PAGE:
Minecraft investigation creates confusion in Turkey

Press/Media: Expert Comment

Description

The Turkish government's inquiry set up last month to review whether or not Minecraft is too violent concluded that the game should be banned in the country. The investigation has been met with criticism, both from players and academics, who believe that the grounds are doubtful.

It all started already in February, explains Tonguc Ibrahim Sezen, who is a professor at Bilgi University in Istanbul. A journalist asked the Minister for Family and Social Affairs if she had heard of Minecraft, to which the answer was no. The journalist in question then described Minecraft as a violent game where the player is rewarded for murdering his partner. The Minister reacted strongly and this became the basis for the investigation that was appointed, which has now come to the conclusion that the game is too violent and should be banned.

Tonguc Ibrahim Sezen says that the investigation upset players who also started campaigns against the ban. Academics, in turn, question the methodology behind the investigation and the parents, say Sezen, are confused. As the Turkish gaming industry has grown, Minecraft has also entered more and more homes and in various family forums concerns are expressed about how the game affects the children. Turkey already has a history where many websites have been censored, but a widespread problem with censorship of games do not currently exist. However, there is a concern that it may change, he continues.

The information that created the headlines comes from the excerpt published by the Turkish newspaper Habertürk. The investigation is not available for inspection. Tonguc Ibrahim Sezen also believes that, in general, there is a problem with understanding gambling in the country, both among parents, the media but also among politicians.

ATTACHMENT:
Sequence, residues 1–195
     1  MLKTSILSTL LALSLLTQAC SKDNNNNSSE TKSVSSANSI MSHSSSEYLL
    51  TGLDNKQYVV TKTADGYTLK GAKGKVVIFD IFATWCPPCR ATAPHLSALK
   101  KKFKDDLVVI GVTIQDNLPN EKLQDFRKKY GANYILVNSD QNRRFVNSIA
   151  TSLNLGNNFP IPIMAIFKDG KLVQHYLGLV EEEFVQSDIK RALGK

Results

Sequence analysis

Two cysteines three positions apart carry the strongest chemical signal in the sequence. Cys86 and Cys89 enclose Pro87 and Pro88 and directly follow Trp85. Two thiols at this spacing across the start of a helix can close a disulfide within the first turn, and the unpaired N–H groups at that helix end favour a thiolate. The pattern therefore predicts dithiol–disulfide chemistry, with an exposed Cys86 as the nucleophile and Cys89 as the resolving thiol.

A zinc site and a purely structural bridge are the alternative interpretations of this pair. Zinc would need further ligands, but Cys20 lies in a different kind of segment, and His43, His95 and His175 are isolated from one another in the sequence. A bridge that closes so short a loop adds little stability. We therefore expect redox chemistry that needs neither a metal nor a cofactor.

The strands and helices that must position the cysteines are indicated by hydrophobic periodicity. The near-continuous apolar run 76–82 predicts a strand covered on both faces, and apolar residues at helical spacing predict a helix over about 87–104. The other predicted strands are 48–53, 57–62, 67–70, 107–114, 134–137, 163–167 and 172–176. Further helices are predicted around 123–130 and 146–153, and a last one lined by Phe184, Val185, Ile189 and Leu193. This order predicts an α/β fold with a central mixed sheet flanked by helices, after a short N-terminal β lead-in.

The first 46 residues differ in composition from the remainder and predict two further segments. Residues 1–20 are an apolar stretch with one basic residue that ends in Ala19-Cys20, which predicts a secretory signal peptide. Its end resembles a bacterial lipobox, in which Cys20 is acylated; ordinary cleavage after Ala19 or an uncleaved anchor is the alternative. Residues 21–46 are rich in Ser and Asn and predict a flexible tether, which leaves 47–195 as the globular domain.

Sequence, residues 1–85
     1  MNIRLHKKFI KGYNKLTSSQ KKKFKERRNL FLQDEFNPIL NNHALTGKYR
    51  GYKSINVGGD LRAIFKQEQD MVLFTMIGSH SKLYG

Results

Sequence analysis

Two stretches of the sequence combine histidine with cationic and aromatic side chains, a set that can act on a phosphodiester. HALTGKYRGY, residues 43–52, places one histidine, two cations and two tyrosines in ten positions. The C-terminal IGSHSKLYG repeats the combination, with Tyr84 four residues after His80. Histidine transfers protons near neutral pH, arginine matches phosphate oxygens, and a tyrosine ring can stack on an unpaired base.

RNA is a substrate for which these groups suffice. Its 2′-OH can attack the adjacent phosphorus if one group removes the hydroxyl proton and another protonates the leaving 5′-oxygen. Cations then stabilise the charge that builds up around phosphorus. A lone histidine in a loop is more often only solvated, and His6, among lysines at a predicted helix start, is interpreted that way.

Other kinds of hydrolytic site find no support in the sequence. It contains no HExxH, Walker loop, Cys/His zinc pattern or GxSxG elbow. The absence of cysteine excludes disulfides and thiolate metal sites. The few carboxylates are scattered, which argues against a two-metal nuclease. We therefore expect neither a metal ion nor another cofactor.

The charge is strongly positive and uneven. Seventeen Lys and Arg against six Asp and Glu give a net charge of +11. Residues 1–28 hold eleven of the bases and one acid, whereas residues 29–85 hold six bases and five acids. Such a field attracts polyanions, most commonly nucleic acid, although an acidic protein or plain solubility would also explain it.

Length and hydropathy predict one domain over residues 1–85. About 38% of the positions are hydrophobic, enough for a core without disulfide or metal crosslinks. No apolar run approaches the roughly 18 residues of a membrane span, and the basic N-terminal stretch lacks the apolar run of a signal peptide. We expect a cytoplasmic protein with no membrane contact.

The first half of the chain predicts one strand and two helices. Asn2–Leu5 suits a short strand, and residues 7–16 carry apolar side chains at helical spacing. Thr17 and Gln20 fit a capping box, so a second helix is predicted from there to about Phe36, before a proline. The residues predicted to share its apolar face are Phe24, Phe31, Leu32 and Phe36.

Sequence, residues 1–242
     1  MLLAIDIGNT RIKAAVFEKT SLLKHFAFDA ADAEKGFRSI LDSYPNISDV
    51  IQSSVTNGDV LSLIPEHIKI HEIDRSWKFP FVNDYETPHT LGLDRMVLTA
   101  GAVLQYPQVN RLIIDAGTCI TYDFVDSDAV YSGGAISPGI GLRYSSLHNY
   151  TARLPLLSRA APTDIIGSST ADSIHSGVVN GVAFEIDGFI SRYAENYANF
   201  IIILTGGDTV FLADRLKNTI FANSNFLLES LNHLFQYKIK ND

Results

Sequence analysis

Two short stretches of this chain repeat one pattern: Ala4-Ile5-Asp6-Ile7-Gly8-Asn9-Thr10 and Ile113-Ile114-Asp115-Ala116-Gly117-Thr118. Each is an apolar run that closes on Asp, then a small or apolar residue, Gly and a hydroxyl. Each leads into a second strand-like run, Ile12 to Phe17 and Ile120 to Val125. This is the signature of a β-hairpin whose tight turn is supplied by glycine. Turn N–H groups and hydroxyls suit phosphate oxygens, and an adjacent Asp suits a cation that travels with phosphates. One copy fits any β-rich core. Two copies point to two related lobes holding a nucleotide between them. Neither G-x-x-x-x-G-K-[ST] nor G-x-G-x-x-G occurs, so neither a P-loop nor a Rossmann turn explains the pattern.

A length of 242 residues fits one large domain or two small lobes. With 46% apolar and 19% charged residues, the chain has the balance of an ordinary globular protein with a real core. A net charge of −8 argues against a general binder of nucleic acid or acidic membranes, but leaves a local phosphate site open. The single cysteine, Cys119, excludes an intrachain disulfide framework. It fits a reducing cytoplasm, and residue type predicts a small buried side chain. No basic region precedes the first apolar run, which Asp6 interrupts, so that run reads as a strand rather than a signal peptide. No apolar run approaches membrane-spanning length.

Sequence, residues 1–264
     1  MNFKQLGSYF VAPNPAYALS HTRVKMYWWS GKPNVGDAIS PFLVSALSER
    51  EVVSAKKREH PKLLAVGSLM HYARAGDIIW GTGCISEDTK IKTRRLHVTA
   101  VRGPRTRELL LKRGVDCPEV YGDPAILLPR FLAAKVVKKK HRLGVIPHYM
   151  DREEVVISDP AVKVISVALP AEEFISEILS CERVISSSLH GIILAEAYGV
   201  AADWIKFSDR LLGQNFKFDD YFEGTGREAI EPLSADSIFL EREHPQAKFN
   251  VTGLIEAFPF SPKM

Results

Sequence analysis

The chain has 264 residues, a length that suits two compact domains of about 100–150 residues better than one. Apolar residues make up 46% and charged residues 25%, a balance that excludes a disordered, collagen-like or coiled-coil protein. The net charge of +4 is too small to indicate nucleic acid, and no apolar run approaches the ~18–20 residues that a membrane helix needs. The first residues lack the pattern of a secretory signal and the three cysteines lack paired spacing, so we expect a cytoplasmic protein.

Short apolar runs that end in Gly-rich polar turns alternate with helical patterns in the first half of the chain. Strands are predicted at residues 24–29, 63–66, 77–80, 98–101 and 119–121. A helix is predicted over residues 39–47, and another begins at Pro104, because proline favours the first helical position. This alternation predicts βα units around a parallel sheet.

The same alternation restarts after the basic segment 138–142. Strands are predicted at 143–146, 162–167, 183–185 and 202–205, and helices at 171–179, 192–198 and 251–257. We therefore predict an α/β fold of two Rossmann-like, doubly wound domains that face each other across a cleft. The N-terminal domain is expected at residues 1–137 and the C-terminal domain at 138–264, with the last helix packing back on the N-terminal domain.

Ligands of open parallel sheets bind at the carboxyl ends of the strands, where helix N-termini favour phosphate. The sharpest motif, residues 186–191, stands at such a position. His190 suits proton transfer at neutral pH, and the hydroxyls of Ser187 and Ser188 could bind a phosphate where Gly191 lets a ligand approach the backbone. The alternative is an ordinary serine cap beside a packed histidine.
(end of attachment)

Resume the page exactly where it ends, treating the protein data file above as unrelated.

Period13 Mar 2015

Media contributions

1

Media contributions

  • Title“Minecraft-utredningen skapar förvirring i Turkiet” (Minecraft investigation creates confusion in Turkey)
    Degree of recognitionNational
    Media name/outletSwedish Public Radio
    Media typeRadio
    Duration/Length/Size2:30 min.
    CountrySweden
    Date13/03/15
    DescriptionThe Turkish government's inquiry set up last month to review whether or not Minecraft is too violent concluded that the game should be banned in the country. The investigation has been met with criticism, both from players and academics, who believe that the grounds are doubtful.
    It all started already in February, explains Tonguc Ibrahim Sezen, who is a professor at Bilgi University in Istanbul. A journalist asked the Minister for Family and Social Affairs if she had heard of Minecraft, to which the answer was no. The journalist in question then described Minecraft as a violent game where the player is rewarded for murdering his partner. The Minister reacted strongly and this became the basis for the investigation that was appointed, which has now come to the conclusion that the game is too violent and should be banned.
    Tonguc Ibrahim Sezen says that the investigation upset players who also started campaigns against the ban. Academics, in turn, question the methodology behind the investigation and the parents, say Sezen, are confused. As the Turkish gaming industry has grown, Minecraft has also entered more and more homes and in various family forums concerns are expressed about how the game affects the children. Turkey already has a history where many websites have been censored, but a widespread problem with censorship of games do not currently exist. However, there is a concern that it may change, he continues.
    The information that created the headlines comes from the excerpt published by the Turkish newspaper Habertürk. The investigation is not available for inspection. Tonguc Ibrahim Sezen also believes that, in general, there is a problem with understanding gambling in the country, both among parents, the media but also among politicians.
    Producer/AuthorKalle Kovács
    URLhttps://sverigesradio.se/artikel/6115432
    PersonsTonguc Sezen